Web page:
Republicans seek whistleblower's identity in U.S. impeachment inquiry

WASHINGTON (Reuters) - Republican and Democratic lawmakers clashed on Tuesday over questions about the identity of the whistleblower whose complaint led to the impeachment investigation of President Donald Trump.

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The skirmish revealed a growing dispute between the two sides, as Republicans say they need to hear from the intelligence official who initially raised the alarm over Trump’s attempts to get Ukraine to investigate his political rivals in order to assess the whistleblower’s credibility.

Democrats say the whistleblower’s testimony is not needed at this point because it has been corroborated by other witnesses. Bringing him or her forward after repeated attacks by Trump would only put the whistleblower’s safety at risk, they said.

“We have a long-standing concern that the president and his allies in Congress aren’t interested in the underlying act but are interested in risking the life of the whistleblower,” Representative Eric Swalwell told reporters.

Government personnel have been assigned to protect the whistleblower, according to sources familiar with the matter, after Trump has attacked the whistleblower and conservative news outlets and social-media activists speculated about the individual’s identity.

As many as five possible names for the whistleblower have circulated in political circles, according to sources familiar with efforts to protect the whistleblower.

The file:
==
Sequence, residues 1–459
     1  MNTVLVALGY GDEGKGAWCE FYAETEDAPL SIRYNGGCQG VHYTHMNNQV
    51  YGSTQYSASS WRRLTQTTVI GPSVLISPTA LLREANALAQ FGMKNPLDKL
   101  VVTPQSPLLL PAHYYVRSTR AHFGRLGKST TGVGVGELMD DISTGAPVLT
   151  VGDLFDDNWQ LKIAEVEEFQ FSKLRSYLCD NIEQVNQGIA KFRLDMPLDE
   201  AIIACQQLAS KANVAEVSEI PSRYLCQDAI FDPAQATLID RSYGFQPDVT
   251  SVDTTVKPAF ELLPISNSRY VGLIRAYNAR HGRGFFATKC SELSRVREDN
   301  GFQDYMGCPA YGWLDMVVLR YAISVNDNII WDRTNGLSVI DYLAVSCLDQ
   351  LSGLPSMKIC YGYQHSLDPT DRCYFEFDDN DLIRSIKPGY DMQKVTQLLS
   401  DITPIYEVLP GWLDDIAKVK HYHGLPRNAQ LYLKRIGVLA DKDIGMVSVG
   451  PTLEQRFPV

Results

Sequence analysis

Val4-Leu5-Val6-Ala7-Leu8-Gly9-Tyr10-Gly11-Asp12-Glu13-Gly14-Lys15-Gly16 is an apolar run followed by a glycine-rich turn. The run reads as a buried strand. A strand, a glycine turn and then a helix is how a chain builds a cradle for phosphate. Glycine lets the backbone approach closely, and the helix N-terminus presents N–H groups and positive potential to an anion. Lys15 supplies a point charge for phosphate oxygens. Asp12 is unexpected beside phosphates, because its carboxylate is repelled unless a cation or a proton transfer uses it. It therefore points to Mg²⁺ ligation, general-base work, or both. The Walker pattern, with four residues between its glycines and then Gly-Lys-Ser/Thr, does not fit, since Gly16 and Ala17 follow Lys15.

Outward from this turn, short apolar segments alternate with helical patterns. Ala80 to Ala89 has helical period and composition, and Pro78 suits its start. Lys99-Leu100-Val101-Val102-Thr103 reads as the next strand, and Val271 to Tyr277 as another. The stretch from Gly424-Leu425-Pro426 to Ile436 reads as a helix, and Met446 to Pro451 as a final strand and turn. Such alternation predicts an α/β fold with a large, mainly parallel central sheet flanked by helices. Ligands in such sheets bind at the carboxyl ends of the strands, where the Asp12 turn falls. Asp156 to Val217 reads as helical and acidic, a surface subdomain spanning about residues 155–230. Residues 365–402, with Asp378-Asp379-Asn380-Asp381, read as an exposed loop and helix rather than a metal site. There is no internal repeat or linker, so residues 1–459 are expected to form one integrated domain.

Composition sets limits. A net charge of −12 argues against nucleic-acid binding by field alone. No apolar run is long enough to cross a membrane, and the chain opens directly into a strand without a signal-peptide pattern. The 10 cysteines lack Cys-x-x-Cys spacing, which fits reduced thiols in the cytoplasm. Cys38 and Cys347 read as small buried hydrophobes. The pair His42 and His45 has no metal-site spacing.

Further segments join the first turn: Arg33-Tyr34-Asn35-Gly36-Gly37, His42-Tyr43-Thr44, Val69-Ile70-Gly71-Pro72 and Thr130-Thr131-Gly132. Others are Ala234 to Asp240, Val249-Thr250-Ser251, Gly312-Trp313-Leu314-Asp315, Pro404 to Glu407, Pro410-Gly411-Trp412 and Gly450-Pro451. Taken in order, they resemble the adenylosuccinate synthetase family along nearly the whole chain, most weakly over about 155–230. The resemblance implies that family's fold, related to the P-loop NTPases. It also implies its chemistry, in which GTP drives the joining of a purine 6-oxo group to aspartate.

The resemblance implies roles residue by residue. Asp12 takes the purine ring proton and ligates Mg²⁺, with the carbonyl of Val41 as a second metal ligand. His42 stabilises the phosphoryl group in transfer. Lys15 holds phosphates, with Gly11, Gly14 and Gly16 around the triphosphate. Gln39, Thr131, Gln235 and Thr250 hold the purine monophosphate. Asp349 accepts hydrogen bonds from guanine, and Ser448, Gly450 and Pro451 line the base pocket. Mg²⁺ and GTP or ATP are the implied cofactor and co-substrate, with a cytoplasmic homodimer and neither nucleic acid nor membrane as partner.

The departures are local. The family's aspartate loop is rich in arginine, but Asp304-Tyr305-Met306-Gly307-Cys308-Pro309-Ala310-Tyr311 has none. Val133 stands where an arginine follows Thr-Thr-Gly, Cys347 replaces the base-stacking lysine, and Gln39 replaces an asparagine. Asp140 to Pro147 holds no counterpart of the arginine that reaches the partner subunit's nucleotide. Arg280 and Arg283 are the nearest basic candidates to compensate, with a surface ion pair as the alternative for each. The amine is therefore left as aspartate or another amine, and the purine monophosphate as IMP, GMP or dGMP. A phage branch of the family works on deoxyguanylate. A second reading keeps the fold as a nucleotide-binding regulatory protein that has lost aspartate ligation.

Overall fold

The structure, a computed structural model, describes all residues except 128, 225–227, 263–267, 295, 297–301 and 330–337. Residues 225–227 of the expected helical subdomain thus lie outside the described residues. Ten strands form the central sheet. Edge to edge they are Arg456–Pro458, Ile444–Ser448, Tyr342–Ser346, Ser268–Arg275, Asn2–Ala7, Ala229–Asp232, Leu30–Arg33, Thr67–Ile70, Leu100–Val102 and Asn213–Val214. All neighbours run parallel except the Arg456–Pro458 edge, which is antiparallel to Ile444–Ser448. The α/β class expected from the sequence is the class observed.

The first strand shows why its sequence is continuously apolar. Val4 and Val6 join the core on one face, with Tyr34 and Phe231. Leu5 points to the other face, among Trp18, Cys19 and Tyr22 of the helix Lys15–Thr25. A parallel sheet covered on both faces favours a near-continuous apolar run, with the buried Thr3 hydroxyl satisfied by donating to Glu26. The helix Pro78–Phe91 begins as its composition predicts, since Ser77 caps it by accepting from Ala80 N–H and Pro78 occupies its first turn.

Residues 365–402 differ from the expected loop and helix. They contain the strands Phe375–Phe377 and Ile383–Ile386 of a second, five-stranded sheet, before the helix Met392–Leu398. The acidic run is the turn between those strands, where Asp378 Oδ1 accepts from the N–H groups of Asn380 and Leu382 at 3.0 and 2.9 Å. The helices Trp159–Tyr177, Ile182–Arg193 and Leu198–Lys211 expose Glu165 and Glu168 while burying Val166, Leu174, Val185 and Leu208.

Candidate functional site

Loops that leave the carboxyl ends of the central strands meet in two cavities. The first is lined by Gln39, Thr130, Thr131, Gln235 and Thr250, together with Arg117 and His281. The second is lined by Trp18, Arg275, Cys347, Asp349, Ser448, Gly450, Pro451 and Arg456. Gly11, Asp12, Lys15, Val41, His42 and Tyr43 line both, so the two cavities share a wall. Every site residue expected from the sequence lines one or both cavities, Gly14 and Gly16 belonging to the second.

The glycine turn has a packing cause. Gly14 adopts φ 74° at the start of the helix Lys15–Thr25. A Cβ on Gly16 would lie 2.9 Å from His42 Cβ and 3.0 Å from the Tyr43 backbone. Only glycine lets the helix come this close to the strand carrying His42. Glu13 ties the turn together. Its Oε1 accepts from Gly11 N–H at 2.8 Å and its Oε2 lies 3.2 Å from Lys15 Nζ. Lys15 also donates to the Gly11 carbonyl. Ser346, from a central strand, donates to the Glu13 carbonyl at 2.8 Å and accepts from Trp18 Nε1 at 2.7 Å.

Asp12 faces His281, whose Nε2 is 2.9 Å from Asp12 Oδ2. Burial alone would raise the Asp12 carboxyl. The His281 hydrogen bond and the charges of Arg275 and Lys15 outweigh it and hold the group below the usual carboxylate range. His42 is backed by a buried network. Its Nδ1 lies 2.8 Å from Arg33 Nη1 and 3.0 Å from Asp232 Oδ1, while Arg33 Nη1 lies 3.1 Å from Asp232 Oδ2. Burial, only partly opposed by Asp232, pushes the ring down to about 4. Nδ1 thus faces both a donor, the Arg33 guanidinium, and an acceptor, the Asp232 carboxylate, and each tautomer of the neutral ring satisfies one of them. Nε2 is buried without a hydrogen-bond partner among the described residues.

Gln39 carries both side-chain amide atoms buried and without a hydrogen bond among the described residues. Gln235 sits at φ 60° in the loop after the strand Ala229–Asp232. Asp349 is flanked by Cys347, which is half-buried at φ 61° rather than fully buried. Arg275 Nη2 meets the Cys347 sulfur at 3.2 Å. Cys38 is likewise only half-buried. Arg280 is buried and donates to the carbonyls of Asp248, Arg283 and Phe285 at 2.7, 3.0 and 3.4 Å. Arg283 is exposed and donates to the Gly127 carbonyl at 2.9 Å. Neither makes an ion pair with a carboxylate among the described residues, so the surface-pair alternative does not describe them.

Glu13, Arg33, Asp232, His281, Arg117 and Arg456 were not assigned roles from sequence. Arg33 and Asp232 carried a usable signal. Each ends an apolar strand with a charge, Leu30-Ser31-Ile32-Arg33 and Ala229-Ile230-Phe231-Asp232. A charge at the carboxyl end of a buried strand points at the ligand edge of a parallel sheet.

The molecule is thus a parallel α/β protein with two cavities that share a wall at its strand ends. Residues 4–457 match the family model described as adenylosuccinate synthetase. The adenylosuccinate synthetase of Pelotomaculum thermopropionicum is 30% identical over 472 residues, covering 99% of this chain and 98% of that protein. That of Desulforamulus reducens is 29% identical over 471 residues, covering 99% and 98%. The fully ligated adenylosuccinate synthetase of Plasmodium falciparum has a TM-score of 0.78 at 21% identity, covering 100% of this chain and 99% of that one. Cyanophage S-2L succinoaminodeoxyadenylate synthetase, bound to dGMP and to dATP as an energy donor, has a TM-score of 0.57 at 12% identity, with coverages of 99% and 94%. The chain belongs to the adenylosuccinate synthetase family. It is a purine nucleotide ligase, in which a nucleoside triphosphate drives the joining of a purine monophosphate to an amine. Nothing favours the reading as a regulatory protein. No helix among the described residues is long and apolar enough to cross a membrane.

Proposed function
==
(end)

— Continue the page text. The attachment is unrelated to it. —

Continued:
“Such behavior is at the pinnacle of irresponsibility and is intentionally reckless,” the whistleblower’s lawyers, Andrew Bakaj and Mark Zaid, told Reuters on Tuesday.

In a closed-door hearing on Tuesday, Intelligence Committee Chairman Adam Schiff cut off a Republican line of questioning of a witness, Army Lieutenant Colonel Alexander Vindman, objecting that it was designed to reveal the whistleblower’s identity.

Republicans said they were trying to figure out who Vindman had spoken with after Trump asked Ukrainian President Volodymyr Zelenskiy to investigate Democratic presidential candidate Joe Biden in a July 25 phone call.

They said they do not aim to publicly reveal the whistleblower’s identity but need to assess his or her motivations.

“It’s tough to determine someone’s credibility if you can’t put them under oath and ask them questions,” Republican Representative Jim Jordan told reporters.

After Vindman’s testimony, Schiff accused Trump and his allies of seeking to “out,” or reveal the identity of, the whistleblower and insisted that his committee will not allow that to happen.

“We will make every effort to make sure that notwithstanding the president or his allies’ desire to out and exact political revenge on this whistleblower, that our committee is never used for that purpose,” Schiff said in a brief statement to reporters, not responding to questions.

In previous sessions, Republicans have asked witnesses whether they know the person they suspect to be the whistleblower and inquired about possible motives, according to a congressional aide.

The whistleblower’s lawyers have told congressional investigators their client is only interested in answering written questions.

Additional reporting by Patricia Zengerle and Susan CornwellWriting by Andy Sullivan; Editing by Cynthia Osterman